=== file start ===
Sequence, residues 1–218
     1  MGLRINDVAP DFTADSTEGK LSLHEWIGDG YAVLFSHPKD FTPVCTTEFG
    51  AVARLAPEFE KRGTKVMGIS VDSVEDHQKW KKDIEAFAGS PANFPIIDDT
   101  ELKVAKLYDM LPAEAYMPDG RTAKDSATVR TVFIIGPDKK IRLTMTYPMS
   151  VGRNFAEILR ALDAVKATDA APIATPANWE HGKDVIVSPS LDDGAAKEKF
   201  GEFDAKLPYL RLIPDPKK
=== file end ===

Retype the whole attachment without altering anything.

Sequence, residues 1–218
     1  MGLRINDVAP DFTADSTEGK LSLHEWIGDG YAVLFSHPKD FTPVCTTEFG
    51  AVARLAPEFE KRGTKVMGIS VDSVEDHQKW KKDIEAFAGS PANFPIIDDT
   101  ELKVAKLYDM LPAEAYMPDG RTAKDSATVR TVFIIGPDKK IRLTMTYPMS
   151  VGRNFAEILR ALDAVKATDA APIATPANWE HGKDVIVSPS LDDGAAKEKF
   201  GEFDAKLPYL RLIPDPKK